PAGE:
The nearly simultaneous release of new albums by Canadians Avril Lavigne and Alanis Morissette is enough to make you wish the bureaucrats in Ottawa would regulate the export of rock. Or maybe we could write something into NAFTA. Whatever the answer, let's just agree that the system isn't working, because the market for frostback pop in the guitar-strumming, cranky-female category is about to be flooded.
It's a situation best described as "lose-lose." When Ms. Lavigne went global with her gargantuan debut, "Let Go," in 2002, everyone was too busy touting her as the un-Britney to focus on her debt to her idol, Ms. Morissette. Avril added wristbands and some bratty skater-girl 'tude, but the rest of it -- the jaded-soul vocal style, the high-maintenance persona, the easy-access choruses -- was all Alanis.
And for Morissette, preceding a disciple into record store bins by just seven days -- her "So-Called Chaos" was released yesterday -- can't be a picnic, either. She should be flattered by the imitation, and separated in age by about a decade, these two ladies aren't exactly targeting the same market.
But listen to "So-Called" back-to-back with Lavigne's new "Under My Skin" and you realize just how rote the Morissette catechism has become, and how easy it is to duplicate. Alanis has created a monster, and on "Under" the monster is starting to sound as thin-skinned and self-involved as the original.
Well, nearly. "So-Called Chaos," the second album in a row that Alanis has written and produced on her own, is so unflinchingly rueful and nakedly confessional that it feels as much like therapy as rock. She's Joni Mitchell in the Dr. Phil age, a woman with an angelic voice and total faith in the public's fascination with her innermost anxieties. We don't really listen to Alanis as much as we enable her.
Or maybe we're eavesdropping at her invitation. "So-Called" is essentially a diary set to music, and the album delivers the peculiar sense of embarrassment you feel when privy to a stranger's most troubling secrets. "Eight Easy Steps" is a road map to Alanis's most unflattering traits -- her inability to trust loved ones, her feelings of worthlessness, her piety.
Every sentiment on the album is rendered in the stilted, syllable-overloaded poetry that is her trademark. On "Doth I Protest Too Much," Alanis tramples her rhyme meter to nearly comical death as she describes, in ironic couplets, just how secure she feels around her boyfriend: "I'm not threatened by every pair of legs you watch go by / I don't cringe when you stare at women, it's just a thing called guy."
When Alanis broke through in 1995 with "Jagged Little Pill," her struggles, freakouts and the occasional declarations of independence seemed like the start of a journey that would eventually lead somewhere.
But if her albums are a tour of her mind, this bus is going in circles. She's still lamenting her failures ("Excuses"), nursing her anger ("This Grudge") and embracing the occasional emotional breakthrough ("Knees of My Bees").
Musically, "So-Called" is just as stuck. Morissette is unwilling to abandon the verse-catharsis-verse song structure that has long been her Top 40 blueprint of choice. The songs start with intimate electronic beats, erupt into anthemic outbursts, then get quiet again.
It's pretty monotonous. And, sadly, the top-notch musicians assembled here never get a chance to shine because Alanis keeps interrupting them.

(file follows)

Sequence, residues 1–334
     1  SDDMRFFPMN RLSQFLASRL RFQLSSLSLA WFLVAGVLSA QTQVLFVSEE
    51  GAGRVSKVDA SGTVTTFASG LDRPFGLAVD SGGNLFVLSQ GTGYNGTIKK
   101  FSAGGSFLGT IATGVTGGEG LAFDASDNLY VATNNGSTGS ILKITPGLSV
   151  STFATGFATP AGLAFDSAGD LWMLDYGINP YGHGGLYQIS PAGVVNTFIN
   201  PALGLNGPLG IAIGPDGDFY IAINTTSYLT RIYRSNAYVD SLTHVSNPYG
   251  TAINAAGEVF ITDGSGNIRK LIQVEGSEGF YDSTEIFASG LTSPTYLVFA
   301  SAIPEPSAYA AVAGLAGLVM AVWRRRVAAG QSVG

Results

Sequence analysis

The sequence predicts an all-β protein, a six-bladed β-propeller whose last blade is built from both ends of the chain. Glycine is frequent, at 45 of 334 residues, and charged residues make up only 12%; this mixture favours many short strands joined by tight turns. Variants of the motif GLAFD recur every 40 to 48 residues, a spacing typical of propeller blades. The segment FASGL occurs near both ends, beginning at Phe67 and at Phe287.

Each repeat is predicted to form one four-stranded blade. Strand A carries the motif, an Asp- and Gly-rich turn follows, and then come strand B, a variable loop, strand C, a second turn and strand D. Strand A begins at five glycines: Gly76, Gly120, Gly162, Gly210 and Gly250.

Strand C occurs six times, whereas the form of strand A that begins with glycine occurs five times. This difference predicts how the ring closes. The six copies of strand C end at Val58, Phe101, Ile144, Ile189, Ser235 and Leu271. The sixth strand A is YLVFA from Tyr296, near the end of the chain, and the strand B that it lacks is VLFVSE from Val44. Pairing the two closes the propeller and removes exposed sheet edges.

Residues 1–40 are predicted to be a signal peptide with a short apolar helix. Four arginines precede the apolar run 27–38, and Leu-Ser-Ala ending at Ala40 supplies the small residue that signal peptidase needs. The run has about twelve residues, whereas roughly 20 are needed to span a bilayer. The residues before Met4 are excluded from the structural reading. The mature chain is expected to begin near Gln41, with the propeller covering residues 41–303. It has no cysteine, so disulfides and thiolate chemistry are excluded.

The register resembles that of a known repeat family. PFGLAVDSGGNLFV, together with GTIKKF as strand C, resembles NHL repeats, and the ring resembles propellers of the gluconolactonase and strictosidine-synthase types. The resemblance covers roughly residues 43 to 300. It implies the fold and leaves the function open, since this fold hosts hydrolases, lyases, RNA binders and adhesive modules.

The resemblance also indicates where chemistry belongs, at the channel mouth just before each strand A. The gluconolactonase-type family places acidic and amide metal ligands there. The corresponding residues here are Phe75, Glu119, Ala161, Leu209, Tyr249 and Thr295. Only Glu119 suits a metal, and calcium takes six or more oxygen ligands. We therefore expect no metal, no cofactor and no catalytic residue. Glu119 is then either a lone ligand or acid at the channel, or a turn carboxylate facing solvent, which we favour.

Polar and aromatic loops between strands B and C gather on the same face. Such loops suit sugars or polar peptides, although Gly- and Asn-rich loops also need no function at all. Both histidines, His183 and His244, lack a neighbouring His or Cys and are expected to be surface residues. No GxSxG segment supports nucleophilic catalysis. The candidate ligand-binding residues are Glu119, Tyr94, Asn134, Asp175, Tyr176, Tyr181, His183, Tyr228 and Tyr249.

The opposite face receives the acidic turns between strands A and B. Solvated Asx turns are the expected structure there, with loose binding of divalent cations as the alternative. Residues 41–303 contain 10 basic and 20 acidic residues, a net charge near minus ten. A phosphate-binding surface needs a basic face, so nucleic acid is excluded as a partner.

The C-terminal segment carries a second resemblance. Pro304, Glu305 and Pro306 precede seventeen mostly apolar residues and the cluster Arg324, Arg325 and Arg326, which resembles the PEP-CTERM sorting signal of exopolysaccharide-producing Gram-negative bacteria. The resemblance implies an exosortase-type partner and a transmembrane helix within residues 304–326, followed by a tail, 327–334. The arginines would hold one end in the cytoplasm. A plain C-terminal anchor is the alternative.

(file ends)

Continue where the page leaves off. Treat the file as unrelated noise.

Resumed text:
Avril isn't quiet as talky on "Under My Skin," but this drama princess is well on her way to becoming a drama queen. The album is less playful and far darker than her debut, which was largely the work of a production and songwriting team called the Matrix.
It was the Matrix that crafted "Complicated," the breezy, starter-grunge number that was pitched as a gritty antidote to teen pop. Avril was every bit as packaged as the underdressed damsels she was supposed to vanquish -- maybe more so, since the label tried to convince us that Avril was unpackaged and implied that she wrote her own songs, which seemed highly doubtful whenever Lavigne spoke candidly about the genesis of the music.
But it worked, largely because the Matrix wrote so well and because Avril is truly a little surly, or at least she has none of that fake beauty-queen cheer that is required of 20-year-old singers in acrylic pants.
The Matrix doesn't contribute to "Under," and it shows. Half of the 12 songs on the album were (allegedly) written with Chantal Kreviazuk, a platinum-selling singer-pianist from Canada, and she has pushed Avril to drop the kid stuff and get grim. There's lots of wintry piano here, and Lavigne is constantly telling off the insensate men in her life. "Don't patronize me, yeah yeah" she sings on "Forgotten," one of a handful of farewell numbers here.
Lavigne is still spunk personified, and she has learned a few new vocal tricks -- such as knocking off the style of Dolores O'Riordan, lead singer of the Cranberries. (Check out the faux-Irish lilt on the first single, "Don't Tell Me.") When she lets loose her inner brat, as she does on the intro-to-punk "He Wasn't," she sounds like the indomitable anti-vixen we know and love.
It's too bad there isn't more in the same carefree, shove-it vein. "Under" is nothing if not professional, but when you hear Avril sing a line like "I'm not afraid of anything, I just need to know that I can breathe," as she does on "How Does It Feel," she's channeling Alanis so well it's downright creepy. Somebody ought to tell Avril that the United States has a quota for melodic sulking from north of the border and as long as Morissette is around, the quota is filled.
Alanis Morissette is scheduled to appear Aug. 10 at Merriweather Post Pavilion.